Since the extent and way how private markets can react to externalities depends from the reason, type and method for internalizing of a specific externality, it is appropriate to identify these concepts.
Externalities are internalized when the marginal value of the externality is priced, that is, when the private marginal costs of carrying out the activity are equal to the social costs caused by the activity. The lack of property rights or difficulty in enforcing them takes its cause of externalities. Property rights consist of the right to use a resource or asset, to convert the asset or resource into an alternative solution use, or to sell the resource. In the case of common property resources, it is difficult to avoid other individuals from using the resource. In the case of pollution for example, individuals cannot enforce rights to the utilization of the atmosphere.
There are three major types of externalities: producer-producer externalities, producer-consumer externalities and consumer-consumer externalities. Producer-producer externalities occur when the output or inputs used by one firm affect those employed by a different one, and the result is un-priced. For instance, the output of an upstream firm may pollute this inflatable water downstream, thereby destroying fishing resources and affecting the fishing industry. Regarding producer-consumer externalities, the utility function of the consumer is dependent on the output of the producer. This type of externality occurs regarding noise pollution by aircrafts and the effects of emissions from factories. Consumer-consumer externalities occur when the actions of 1 consumer affect the utility of another consumer without having to be priced.
We can also distinguish between pecuniary and technological externalities. Technological externalities make reference to the effects where the production function or utility function is affected. A pecuniary externality, on the other hand, refers to output or utility effects on an authorized due to changes in demand. These effects are reflected in changes in prices and profits of the producer, but do not alter technological likelihood of production. A negative pecuniary externality can become an outcome when an increase in production of 1 industry causes a rise in the price of inputs employed by other industries.
Economic theory is based on the premise any particular one wishes to change the behavior of the financial unit, one must modify the incentives facing that unit so that the preferred behavior becomes more appealing to it (i. e. , nicer, more profitable or both). That's the reason in order to cope with and respond to the above-mentioned types of externalities, private markets and separated individuals develop private answers to these problems. According to Coase, in order for these solutions to be realized, three basic conditions should be met, "First, evidently specified property rights must be assigned to either the benefiting party or the harmed party (property rights are laws that describe what people can do with their property). Second, the involved parties will need to have an equal amount of bargaining power. Third, the transaction costs of negotiation, or bargaining costs, must be low to ensure that the bargaining actually occurs. "
According to Gregory Mankiw (2008), "the private market could solve the condition of externalities by counting on the self-interest of the relevant parties". In different situations the perfect solution is takes the proper execution of integrating different kinds of businesses, getting into a contract of different business entities, verbal agreement between companies and a number of others.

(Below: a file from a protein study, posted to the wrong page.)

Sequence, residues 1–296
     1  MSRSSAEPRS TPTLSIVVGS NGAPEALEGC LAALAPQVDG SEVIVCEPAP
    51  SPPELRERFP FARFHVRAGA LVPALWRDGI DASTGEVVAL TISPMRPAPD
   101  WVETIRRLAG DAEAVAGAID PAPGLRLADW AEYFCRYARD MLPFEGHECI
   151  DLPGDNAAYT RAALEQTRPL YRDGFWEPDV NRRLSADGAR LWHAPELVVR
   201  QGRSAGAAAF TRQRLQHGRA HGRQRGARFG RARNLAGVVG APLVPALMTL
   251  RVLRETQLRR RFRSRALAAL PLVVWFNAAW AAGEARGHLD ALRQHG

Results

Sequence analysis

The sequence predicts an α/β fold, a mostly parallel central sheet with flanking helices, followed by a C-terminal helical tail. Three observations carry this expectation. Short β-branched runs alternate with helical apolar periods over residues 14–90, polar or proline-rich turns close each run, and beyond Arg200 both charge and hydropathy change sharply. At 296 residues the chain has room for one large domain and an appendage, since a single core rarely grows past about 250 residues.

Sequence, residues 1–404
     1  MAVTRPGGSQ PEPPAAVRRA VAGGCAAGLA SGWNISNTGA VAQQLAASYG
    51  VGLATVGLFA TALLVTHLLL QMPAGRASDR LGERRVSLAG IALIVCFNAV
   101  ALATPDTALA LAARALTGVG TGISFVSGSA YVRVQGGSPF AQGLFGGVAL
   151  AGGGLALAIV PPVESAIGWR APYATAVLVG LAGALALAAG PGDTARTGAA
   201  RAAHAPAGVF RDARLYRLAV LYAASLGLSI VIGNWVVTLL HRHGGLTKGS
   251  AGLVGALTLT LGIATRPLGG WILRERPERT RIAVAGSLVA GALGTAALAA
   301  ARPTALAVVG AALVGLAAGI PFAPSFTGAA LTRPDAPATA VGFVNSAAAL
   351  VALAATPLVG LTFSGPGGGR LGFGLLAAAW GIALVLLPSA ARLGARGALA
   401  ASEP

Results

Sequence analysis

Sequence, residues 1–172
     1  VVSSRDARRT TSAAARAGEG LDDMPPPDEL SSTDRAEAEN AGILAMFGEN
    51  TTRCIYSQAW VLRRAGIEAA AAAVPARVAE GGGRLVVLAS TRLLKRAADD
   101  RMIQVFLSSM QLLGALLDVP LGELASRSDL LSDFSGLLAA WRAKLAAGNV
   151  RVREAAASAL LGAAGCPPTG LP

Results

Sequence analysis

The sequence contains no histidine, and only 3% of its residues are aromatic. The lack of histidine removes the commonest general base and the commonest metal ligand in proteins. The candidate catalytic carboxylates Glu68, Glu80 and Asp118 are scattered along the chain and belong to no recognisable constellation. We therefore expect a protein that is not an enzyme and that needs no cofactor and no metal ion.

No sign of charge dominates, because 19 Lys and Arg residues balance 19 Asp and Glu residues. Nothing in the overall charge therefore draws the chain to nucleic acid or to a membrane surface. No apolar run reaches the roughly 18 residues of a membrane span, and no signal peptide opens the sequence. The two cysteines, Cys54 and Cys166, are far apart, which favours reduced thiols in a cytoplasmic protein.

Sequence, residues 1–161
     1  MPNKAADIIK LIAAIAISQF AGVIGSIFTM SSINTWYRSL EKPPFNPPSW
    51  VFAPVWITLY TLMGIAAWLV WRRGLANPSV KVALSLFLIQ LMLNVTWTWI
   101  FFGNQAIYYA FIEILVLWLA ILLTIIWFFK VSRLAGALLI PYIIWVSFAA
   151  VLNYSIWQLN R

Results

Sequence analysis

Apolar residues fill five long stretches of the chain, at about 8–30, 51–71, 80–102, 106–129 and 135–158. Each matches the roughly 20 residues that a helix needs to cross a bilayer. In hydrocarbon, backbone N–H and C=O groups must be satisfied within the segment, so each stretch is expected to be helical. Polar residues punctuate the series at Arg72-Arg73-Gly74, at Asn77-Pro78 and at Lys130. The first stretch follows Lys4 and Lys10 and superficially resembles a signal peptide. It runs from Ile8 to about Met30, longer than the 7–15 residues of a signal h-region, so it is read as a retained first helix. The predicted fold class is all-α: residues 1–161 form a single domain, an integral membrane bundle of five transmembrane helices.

The suggestion that private markets may achieve answers to externality problems is described via a Pareto-relevant externality, which is characterized by the existence of potential gains from trade between your acting and damaged parties. Surely, then, self-interest can be relied upon to ensure the realization of these potential gains through exchange between your involved parties. As always, efficient exchange requires precisely defined and rigidly enforced property rights. In the case of external diseconomies, these property rights include some specification of the laws of liability for damages associated with the diseconomy. If liability rules are specified in a specific manner - allowing a specified amount of externality to be created with impunity and this total be exceeded only when the damaged party is willing to agree - they serve as the starting point for negotiations to realize the potential gains from trade.
The two extreme examples of such liability rules are the zero liability rule and the entire liability rule. Apart from these, thousands of intermediate rules could be conceived. The zero liability rule specifies that external diseconomies in virtually any amount may be made up of impunity; under such a rule, the damaged party would have a motivation to give a bribe to induce the acting party to reduce their output of external diseconomy. Full liability specifies that zero externality may be created minus the consent of the afflicted party; under such a rule, the acting party could have an incentive to offer compensation to induce the affected party to simply accept a good amount of externality.
Ronald Coase in his works perceived that whatever the liability rule that is in procedure one or another party has an incentive to change a Pareto-relevant externality. Given perfect competition and zero transactions costs (costs of making and enforcing decisions), negotiations will continue until all gains from trade have been exhausted. Coase argued that all gains from trade will be exhausted at the same Pareto-efficient outcome, whatever the liability rule that is in operation.